A selection of Real Time's projects and initiatives

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Work with us
is a 20-minute film produced in collaboration with communities around the world as part of the Participate initiative. The film, recorded over 9 months in 7 countries, provides an opportunity for some of the most marginalised people to communicate directly to decision-makers.
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Chennai India - Ambedkar Colony:
As part of the Participate project Real Time worked with a number of groups in Chennai these included people living on the streets, in slums and in relocation settlements. The stories from the people who built the city reflect some of the negative consequences of economic development.
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Palestine - Forgotten and Ignored:
Real Time collaborated with MEND (Middle Eastern Non-violence and Democracy) on a participatory video project as part of the Participate project. Women from El-Jib (a village in Area C in Palestine) used video to present the everyday aspects of living in a highly controlled area in the shadow of the wall built by Israel.
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Kenya - Working Together for Change:
As part of the Participate project Real Time worked with young people from the SEED Institute and Spatial Collective using participatory video to explore local issues and communicate effectively with decision-makers. Members of the Spatial Collective undertook a research-mapping project and used participatory video to make changes in their community, and to help understand what prevents it.
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Knowledge from the Margins:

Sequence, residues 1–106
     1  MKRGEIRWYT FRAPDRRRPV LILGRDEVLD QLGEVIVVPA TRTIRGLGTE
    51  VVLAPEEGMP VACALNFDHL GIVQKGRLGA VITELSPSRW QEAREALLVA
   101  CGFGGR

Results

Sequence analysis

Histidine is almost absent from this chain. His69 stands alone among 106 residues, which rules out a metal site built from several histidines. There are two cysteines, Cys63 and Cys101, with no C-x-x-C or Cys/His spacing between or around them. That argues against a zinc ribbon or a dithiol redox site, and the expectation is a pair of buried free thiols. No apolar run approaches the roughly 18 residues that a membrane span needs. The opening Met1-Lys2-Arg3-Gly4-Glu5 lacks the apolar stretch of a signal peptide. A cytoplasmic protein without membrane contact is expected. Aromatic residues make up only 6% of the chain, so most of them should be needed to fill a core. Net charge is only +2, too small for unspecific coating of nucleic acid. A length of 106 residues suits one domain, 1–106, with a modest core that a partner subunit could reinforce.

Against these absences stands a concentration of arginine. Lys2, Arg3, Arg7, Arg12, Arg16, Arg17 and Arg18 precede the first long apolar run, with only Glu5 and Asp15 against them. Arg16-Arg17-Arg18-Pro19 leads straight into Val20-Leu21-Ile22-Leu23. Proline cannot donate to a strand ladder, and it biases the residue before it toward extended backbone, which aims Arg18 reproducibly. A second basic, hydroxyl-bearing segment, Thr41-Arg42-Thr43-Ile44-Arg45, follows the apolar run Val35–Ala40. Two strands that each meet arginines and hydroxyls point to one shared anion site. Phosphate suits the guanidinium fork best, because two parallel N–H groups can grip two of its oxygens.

Video can be an effective tool in building communication between marginalised people worldwide and global and national policy makers.
Development interventions often do not benefit the most marginalised groups: the poorest people are usually absent in public consultations.
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Cross curricular creativity:
Maths and film don’t seem the most obvious combination, but Real Time has used video and digital technology to develop a creative approach to teaching maths in two schools. At Blessed Hugh Farringdon Catholic School in Reading, Real Time worked with Key Stage 4 students to explore how maths concepts and problems could be represented on film.
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Real Time was approached to use its participatory video experience to engage with a group of people recovering from various addictions to assist their path to recovery. Pilgrim Hearts specialise in working with the most at risk groups using arts to develop solutions.  With a grant from the European Social Fund, 12 residents from Yeldall Manor worked together over 6 weeks.
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Un(h)armed was a peer-led education and training project aimed at reducing the potential for knife crime involving young people and the fear this generates. Following a death in Wokingham, a group of local young people who knew the victim and were therefore directly affected by knife crime wanted to stop other young people going through the same experience.
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The Participate initiative
provided high quality evidence on the reality of poverty at ground level, bringing the perspectives of the poorest into the post-2015 debate. The Participate project is a global initiative to bring together knowledge from participatory research programmes from across the world.
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